Ever wondered what a NO MORE Program Worker does? Here's your answer!
Most people are aware of the NO MORE campaign and the great work being done on a large scale, but NO MORE Community Program Workers are often asked the question, “What is it you that actually do?” Sometimes it can feel difficult to explain as the work is very broad, requires significant amounts of patience, and the short-term successes may not always be seen from the outside looking in.
NO MORE Community Program Workers spend a lot of time in several target communities, with a couple of key focus areas. The first is creating a Domestic and Family Violence (DFV) educational and awareness platform in the community, driven by the community and supported by the NO MORE program, with the intended outcome of creating a much better understanding of what DFV is. Secondly, and most importantly for sustainability of the program, workers build strong relationships with people on the ground. They get to know the community and the community come to know them, with the intention of finding key people who are passionate in moving towards creating safer spaces for people. Workers then work closely with those people to support and train them so that they can lead the messaging and drive the change required in the fight against the terrible issue of DFV.
NO MORE works in both urban and remote settings, and this is timely reminder to note that DFV is an issue not restricted to our remote communities; it is a problem in every town, every suburb, and likely every street in Australia. 1 in 4 women in this country are victims of one or more of the various forms of DFV at the hands of their current or former partner.
Most of the NO MORE Community Program Workers’ days are spent listening to stories that scale from the most beautiful stories that can told to some of the most heartbreaking tales one never wants to believe could be true. This aspect of the work underlies everything that a NO MORE Community Program Worker does. These stories are an invaluable tool for identifying the areas of need for each community, and where we can support. When multiple people tell the same story and identify the same wants, if it relates to DFV we know that is where the hardest of the work begins.
The next step is to become part of the community, a difficult task for a fly-in worker. This can be done in many different ways according to the strengths of each worker. Ultimately it involves a lot of sweat, continuing to listen without judgement to as many people as possible, and many lonely evenings trying to process what they see and hear daily. Unfortunately, and particularly in remote communities, there is little funding in the primary prevention space for DFV, victim support or perpetrator behaviour change. NO MORE is fortunate to be funded for some workers to travel remotely, and we are proud of the footprint we have in the Territory, so some work can be done, but often Workers work alone, have very little on-the-ground support, and accept that their personal journey to bring about change is going to be difficult.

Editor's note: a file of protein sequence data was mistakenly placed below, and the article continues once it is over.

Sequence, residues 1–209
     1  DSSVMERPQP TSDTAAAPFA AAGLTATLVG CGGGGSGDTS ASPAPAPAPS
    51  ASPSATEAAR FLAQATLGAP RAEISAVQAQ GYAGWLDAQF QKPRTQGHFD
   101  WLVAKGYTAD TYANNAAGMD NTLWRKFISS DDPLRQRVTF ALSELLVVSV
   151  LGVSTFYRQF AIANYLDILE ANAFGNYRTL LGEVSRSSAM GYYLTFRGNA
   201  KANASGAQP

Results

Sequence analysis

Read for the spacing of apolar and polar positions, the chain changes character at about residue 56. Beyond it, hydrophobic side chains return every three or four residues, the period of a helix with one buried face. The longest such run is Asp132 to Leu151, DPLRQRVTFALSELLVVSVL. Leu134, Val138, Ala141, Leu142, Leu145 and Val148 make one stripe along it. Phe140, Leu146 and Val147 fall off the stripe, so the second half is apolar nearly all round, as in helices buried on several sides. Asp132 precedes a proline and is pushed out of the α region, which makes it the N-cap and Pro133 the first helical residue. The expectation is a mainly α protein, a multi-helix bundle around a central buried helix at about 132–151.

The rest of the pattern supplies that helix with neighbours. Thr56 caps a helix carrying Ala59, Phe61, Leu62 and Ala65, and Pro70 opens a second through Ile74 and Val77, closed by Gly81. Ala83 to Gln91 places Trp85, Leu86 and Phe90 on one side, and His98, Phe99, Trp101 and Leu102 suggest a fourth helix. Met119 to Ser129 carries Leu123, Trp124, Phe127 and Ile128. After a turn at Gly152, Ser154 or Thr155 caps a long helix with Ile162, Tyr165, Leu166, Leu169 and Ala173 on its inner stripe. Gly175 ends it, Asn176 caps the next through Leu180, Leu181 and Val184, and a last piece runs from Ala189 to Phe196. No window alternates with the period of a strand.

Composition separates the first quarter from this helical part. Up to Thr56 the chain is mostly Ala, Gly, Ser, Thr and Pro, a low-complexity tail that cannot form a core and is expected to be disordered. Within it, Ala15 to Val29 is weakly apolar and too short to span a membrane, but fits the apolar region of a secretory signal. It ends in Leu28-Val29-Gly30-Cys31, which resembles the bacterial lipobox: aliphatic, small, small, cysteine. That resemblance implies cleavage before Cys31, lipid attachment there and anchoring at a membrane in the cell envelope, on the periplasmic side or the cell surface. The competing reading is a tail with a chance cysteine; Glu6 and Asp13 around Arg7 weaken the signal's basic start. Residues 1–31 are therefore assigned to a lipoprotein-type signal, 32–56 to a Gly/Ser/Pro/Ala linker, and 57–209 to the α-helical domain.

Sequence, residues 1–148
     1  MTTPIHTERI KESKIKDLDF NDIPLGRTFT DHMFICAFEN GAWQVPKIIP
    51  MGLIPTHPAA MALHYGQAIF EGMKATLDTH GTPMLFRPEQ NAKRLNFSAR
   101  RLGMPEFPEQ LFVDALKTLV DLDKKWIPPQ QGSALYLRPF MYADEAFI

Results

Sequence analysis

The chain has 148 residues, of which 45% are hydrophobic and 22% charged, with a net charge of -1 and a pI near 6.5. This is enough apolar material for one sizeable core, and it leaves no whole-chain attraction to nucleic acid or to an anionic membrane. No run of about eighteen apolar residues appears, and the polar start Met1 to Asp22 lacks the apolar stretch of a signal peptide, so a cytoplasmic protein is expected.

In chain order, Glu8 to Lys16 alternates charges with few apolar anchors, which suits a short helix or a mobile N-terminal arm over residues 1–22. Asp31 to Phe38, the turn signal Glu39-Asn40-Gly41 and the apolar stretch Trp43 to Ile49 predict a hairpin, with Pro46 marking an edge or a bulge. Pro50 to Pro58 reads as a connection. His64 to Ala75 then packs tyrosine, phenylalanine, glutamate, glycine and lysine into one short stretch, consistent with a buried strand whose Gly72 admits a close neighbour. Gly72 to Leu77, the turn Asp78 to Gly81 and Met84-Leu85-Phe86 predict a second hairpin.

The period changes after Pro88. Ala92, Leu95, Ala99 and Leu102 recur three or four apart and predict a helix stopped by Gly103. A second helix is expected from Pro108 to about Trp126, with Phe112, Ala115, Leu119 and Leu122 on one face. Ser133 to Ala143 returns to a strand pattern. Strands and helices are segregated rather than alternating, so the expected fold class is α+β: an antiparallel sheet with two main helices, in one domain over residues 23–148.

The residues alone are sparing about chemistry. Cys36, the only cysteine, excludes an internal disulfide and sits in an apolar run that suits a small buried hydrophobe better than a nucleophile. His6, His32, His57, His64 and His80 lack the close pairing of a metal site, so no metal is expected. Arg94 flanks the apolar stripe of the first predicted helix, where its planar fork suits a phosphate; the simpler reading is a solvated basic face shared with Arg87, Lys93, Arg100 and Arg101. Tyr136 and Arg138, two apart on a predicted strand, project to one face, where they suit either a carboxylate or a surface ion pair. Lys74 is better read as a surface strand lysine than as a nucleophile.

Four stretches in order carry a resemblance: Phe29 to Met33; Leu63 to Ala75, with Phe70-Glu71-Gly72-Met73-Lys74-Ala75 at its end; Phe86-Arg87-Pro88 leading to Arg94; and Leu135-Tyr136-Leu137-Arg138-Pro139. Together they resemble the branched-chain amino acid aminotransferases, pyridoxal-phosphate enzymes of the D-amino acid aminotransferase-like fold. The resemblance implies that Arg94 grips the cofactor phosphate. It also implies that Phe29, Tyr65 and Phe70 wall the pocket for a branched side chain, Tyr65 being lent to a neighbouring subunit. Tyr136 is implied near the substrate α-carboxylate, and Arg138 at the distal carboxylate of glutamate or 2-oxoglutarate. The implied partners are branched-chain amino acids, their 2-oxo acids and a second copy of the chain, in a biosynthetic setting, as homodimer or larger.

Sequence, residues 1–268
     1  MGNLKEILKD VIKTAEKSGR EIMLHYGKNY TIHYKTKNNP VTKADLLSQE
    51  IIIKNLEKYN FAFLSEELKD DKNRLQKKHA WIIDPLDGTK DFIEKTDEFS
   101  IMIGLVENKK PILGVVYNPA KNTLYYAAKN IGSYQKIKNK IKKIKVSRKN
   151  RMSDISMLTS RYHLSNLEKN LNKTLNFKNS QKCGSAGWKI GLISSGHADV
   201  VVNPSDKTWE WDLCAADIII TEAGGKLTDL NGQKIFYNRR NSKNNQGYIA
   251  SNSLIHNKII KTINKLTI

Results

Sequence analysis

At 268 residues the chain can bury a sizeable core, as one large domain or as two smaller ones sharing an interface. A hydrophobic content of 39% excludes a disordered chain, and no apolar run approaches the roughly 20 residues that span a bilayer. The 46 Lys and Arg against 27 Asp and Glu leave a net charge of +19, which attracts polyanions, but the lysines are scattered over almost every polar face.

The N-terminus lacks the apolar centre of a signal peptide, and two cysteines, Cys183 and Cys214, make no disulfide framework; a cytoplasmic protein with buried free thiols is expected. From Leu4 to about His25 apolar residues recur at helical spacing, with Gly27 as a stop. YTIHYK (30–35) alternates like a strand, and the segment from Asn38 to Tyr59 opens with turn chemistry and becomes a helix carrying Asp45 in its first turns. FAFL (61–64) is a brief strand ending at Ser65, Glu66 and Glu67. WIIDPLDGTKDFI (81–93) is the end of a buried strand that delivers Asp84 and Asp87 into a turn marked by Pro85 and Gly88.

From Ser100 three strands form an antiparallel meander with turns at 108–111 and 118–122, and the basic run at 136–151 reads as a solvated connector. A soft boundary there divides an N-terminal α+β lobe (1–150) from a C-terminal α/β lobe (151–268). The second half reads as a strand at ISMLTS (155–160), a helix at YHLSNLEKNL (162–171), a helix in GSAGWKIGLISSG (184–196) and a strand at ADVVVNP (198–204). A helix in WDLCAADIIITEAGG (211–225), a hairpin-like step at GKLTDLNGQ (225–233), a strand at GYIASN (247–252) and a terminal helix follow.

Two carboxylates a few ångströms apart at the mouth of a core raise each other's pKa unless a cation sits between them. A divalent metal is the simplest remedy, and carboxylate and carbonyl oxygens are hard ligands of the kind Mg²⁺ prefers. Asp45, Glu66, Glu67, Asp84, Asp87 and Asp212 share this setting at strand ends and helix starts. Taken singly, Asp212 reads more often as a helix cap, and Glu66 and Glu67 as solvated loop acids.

Workers do what they do because they believe that this issue can be reversed; all it needs is a want to be better personally and a want for all people to be safe. As tough as the work is, it is also extremely rewarding, with “little wins” as they say. Workers get to be part of a world that prioritises community, connection to one another, a love and spiritual connection for the land on which people belong, and joy in the fellow human being. When the work is done with patience, presence and care, the NO MORE Community Program Worker may be invited to become a part of that world and get to experience life from the perspective of the world's longest living continuous culture. For that, it is the greatest of privileges, and extremely humbling to have a unique viewpoint into such a world. This is a privilege made possible through the NO MORE Program and the passion, vision, and hard work of Charlie King, AM and NM Founder, and all those that have worked in and with NO MORE, past and present.
That is about the most relevant introduction to the role. A small snapshot of some of the great things that are happening through the NO MORE Program in some of our communities includes:
- The supporting of men’s spaces, and building those spaces to support men in their healing.
- The supporting of women’s spaces, and educating men on the purposes of those spaces so that women can be safe and supported in their healing.
- Educational programs in the justice system and youth diversion space.
- Talking to men, especially soon-to-be or new fathers, about their role in the household and supporting them to feel part of it all.
- Broad community education through linking in with activities, festivals and the sporting space.
- Creating Domestic Violence Action Plans with the community which guide the way forward in combatting the issue.
- Linking in with the many organisations on the ground including sports, regional councils, aboriginal organisations, other service providers and businesses in an attempt to bring everyone together and move forward as one entity.
- Most importantly, being a mate to anyone who needs one at the time a mate is needed.